K: It could be. I like how it goes from a drone-filled, hypnotic song, and changes direction at the end without changing the feel. It has a very “last song” quality. We’ll probably be covering that aspect a lot more in remixes. Since we’ve got a lot of electronics, remixes are very easy to do. We’ll take a good song, then completely distort and alter it into another good song.

Melissa, what’s your background?
M: Self-taught. None of this pen and paper crap. Not until I got to music school.

A: I went through a big industrial phase, and I’m currently in a glam phase, and I don’t know if that comes through in the music, but it must in some way. I listen to a lot of… stuff, and I definitely like… things…

M (to A): If you don’t say anything, he’ll write that you like Hootie.

Are you projecting any singles?
A: Why yes. It’s right here (hands me a 7″). Although the problem with the 7″ is that it was pressed when those were the only two songs that we had recorded.

K: So those (“Pandora” and “Deserter”) were the two most likely choices.

A: Also, “Thunder” has been on a CMJ Certain Damage CD, and the AP Indie-gestion CD, so I guess we’ve thrown our eggs in that basket. But the best thing about the 7″ is that it’s on blue vinyl, which makes the music sound better.

K: Blue. Melancholy. Yes.

Do you feel there’s any one song that defines the album?
A: Indeed there is not. But, it is a single album. There’s definitely a single, solid mood to the whole thing.

Except for that slight convulsion during “So Ha.”
A: Most of the songs are group compositions, except for one or two. “So Ha” is definitely Melissa’s. She can take either the credit or the blame for that one, but my propensity would be towards credit.

(Melissa mumbles something, wallowing in mock self pity)

So when you write songs together, what is the process?
K: I like that even though the songs are planned out, as it were, the album was recorded on a very quick and sporadic basis in some cases, that it almost has a sense of improvisation to it, where stuff was being added in the studio minutes before it got mixed. Y’know, “Together” is the interesting word in that question. We have a very odd way of writing songs. We have a lot of cool ideas in our heads, we go off and, with the best tools we have at hand, we get the song into some kind of working order.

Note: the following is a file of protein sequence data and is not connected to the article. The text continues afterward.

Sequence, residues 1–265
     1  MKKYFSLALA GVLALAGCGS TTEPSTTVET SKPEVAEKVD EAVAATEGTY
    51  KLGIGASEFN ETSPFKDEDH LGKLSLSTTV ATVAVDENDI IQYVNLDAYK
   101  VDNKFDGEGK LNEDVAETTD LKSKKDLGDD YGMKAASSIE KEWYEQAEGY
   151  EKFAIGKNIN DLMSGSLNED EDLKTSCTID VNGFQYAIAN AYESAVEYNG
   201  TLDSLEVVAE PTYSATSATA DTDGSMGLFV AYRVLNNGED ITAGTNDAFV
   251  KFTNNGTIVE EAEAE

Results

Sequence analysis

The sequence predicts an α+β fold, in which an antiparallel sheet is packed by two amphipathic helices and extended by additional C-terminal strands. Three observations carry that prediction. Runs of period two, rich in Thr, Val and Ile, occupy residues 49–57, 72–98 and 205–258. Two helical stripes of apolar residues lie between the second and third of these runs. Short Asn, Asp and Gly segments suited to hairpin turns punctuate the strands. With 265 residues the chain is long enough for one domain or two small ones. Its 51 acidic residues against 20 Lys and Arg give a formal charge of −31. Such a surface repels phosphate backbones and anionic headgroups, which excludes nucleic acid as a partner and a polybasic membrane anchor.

A: This is a very liberating and exciting place to be. I’ve never worked in an environment were everybody shares equally in the songs. Because we do, we’re able to accomplish things that no one of us could achieve by themselves.

K: Like, I’ll go home and program something, and Adam will come up with a really cool guitar riff and he’ll come over and play it, and I’ll say “oh, I know what would fit onto that,” or Melissa would have something… We’re not a very “jamming” band. We can’t be, using loops and such.

A: But there’s also a refinement and filtration process, where there’s democracy in action in that, if someone comes up with a really hokey chord progression, the other two people will say something. And everybody has had their turn through the filter. The album went through many revisions.

K: A lot of times we end up doing a weird presentation, and then the song gets snapped into about 800 bits, then regurgitated. You can still tell that certain people’s influences come out more than others. The album is a whole, but some songs jut out at weird angles.

A: Like lumps in your undies.